I've been struggling to put together a working circuit that uses 3.3 V to switch a 12 V relay (that then switches 240 V). Having tried a BJT solution (which didn't work), I then thought I'd try a MOSFET based approach. My reasoning is thus:

  • My 3.3 V power supply (powered by 12 V) can supply a limited amount of current, so don't want to expend much on driving the base of a BJT. Would prefer to rely solely on voltage and no/low current driving a MOSFET gate.
  • Similarly, driving the relay coil, prefer to use the 12 V rather than 3.3 V current.

I breadboarded my latest solution and it worked, i.e. a signal from my PIC pin was able to drive the 12 V through the MOSFET and turn on the relay. On that basis, I went ahead and got some PCBs manufactured. Testing the PCB circuit however, I find the solution is not working.

Measurements on the circuit show the following:

Signal Pin OFF Drain=12.2 V, Gate=0 V, Source=0 V

Signal Pin ON Drain=12.2 V, Gate=3.2 V, Source=2.6 V

Measuring current between Source and pin-1 of relay shows 0 A regardless of state of signal pin. FWIW, the resistance across the relay coil is 500 Ω.

I'm using a 2312 MOSFET which has the following description

The 2312 uses advanced trench technology to provide excellent RDS(ON), low gate charge and operation with gate voltages as low as 2.5 V.

Here is the circuit schematic. MOSFET and relay

Why isn't the MOSFET turning on?

Looking forward to finding out what's wrong with this circuit (btw, should also mention I have tried something similar in a low-side switching mode...also didn't work).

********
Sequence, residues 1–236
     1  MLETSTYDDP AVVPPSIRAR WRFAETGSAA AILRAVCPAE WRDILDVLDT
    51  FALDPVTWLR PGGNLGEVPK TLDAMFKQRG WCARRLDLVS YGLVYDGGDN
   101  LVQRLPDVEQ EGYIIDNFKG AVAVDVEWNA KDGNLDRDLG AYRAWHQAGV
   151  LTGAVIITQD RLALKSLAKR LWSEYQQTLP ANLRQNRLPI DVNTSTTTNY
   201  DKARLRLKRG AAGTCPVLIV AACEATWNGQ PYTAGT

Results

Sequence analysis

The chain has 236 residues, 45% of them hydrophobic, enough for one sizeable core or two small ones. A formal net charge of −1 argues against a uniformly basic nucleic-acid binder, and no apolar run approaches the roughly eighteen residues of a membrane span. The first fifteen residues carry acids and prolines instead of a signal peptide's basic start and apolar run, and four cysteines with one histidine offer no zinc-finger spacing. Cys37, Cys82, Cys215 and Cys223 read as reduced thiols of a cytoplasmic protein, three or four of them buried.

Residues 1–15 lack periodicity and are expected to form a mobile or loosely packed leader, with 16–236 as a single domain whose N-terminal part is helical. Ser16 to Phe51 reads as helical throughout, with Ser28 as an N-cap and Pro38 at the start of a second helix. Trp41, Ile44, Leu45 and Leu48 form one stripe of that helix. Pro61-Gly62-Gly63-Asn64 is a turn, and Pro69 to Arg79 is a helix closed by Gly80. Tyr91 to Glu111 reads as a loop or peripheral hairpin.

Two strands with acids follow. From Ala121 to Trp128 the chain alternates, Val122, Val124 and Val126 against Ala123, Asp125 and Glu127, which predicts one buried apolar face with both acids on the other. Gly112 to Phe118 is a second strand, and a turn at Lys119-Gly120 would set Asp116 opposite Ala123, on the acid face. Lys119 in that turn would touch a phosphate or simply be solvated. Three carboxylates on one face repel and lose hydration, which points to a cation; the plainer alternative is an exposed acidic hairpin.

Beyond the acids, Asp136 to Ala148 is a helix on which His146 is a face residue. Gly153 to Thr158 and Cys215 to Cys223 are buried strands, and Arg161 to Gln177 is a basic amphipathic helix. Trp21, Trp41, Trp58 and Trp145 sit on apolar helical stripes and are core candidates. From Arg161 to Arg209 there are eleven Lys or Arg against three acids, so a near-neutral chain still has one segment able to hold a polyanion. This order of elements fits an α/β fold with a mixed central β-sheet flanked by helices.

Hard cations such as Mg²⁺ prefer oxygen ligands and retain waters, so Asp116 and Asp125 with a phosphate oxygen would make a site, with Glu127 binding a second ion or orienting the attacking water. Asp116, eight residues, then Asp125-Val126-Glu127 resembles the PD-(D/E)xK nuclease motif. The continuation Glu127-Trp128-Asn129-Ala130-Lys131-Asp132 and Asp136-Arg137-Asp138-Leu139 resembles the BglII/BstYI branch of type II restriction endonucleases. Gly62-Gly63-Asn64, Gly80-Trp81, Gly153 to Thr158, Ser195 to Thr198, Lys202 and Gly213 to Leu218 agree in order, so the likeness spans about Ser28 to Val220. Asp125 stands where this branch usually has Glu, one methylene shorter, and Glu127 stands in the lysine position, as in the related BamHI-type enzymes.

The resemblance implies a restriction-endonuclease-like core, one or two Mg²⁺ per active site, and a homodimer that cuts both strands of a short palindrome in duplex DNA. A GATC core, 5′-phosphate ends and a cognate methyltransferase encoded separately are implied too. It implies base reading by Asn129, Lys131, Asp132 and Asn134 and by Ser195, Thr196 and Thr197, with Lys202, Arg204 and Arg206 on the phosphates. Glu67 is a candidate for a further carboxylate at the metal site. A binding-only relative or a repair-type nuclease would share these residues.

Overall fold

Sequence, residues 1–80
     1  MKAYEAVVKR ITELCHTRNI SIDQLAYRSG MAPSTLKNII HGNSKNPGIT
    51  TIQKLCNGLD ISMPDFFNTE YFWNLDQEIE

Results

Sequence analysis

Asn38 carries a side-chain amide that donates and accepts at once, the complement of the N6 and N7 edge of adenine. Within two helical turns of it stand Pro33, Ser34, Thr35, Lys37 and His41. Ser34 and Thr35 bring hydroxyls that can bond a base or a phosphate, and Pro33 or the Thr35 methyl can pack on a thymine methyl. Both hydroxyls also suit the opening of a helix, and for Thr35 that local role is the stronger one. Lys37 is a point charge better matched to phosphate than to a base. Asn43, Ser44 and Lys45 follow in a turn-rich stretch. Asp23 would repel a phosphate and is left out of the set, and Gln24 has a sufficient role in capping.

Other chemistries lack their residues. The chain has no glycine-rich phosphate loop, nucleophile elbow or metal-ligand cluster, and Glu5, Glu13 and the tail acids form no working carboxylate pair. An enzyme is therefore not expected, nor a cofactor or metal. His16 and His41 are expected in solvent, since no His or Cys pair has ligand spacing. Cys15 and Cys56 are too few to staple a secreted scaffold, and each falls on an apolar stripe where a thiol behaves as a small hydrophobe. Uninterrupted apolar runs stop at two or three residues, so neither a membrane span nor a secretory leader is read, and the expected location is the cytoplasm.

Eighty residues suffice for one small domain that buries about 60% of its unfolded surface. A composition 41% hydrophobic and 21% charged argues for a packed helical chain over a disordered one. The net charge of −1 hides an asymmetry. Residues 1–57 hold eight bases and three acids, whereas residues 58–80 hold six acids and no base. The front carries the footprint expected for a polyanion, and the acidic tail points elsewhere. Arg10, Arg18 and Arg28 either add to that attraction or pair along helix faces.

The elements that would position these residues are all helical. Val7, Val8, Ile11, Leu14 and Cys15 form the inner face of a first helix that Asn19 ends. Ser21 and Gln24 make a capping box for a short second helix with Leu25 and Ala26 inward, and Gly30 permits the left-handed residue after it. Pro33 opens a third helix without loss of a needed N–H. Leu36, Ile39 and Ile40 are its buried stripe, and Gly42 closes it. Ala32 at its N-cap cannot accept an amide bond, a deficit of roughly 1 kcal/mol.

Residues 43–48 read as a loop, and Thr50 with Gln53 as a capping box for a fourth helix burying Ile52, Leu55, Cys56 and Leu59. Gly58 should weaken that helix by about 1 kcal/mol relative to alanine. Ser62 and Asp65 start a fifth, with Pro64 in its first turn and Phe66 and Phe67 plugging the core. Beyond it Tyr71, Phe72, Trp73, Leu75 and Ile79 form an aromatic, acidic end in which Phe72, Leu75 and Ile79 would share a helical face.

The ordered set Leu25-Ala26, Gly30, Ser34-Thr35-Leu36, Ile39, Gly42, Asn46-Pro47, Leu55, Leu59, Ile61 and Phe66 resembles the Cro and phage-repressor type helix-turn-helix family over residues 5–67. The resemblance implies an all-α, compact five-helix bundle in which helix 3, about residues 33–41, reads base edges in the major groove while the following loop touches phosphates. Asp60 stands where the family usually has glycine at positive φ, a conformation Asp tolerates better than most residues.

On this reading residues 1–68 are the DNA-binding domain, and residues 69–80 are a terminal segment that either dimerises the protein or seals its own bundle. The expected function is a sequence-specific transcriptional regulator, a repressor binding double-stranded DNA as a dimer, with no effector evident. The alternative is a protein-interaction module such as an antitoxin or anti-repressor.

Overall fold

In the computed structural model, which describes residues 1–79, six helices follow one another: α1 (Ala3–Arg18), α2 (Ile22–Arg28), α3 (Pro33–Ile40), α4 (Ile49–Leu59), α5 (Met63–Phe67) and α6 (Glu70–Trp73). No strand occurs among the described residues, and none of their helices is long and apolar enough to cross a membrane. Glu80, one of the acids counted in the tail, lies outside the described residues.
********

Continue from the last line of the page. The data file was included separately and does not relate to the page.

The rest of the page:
NB: Having read the response comments, I believe I must have wired the MOSFET on the low side when I breadboarded it, and then mistakenly wired it on the high side for the PCB prototype. Looks like I'll have to run off some more PCBs with the MOSFET on the low side.

I have now reconfigured the relevant part of my circuit to look like this.


Cheers, Mike


2 Answers 2


The relay coil needs to be connected between 12V and the drain. The source should be tied to ground.

Remember mosfets are controlled by the voltage between g and s. Not g and gnd. In your circuit once the source starts to conduct it rises therefore reducing Vgs until the fet starts turning itself off.

By tying s to GND you can make a solid 3.3V or 0V Vgs causing the fet to conduct between source and drain or not.

  • \$\begingroup\$ Thankyou for the explanation....I now see where I was going wrong. I was mistakenly referring to the voltage between gate and GND. \$\endgroup\$
    – NomadAU
    Sep 29, 2023 at 3:41

Invert the whole project. Keep Q1 Source on ground.
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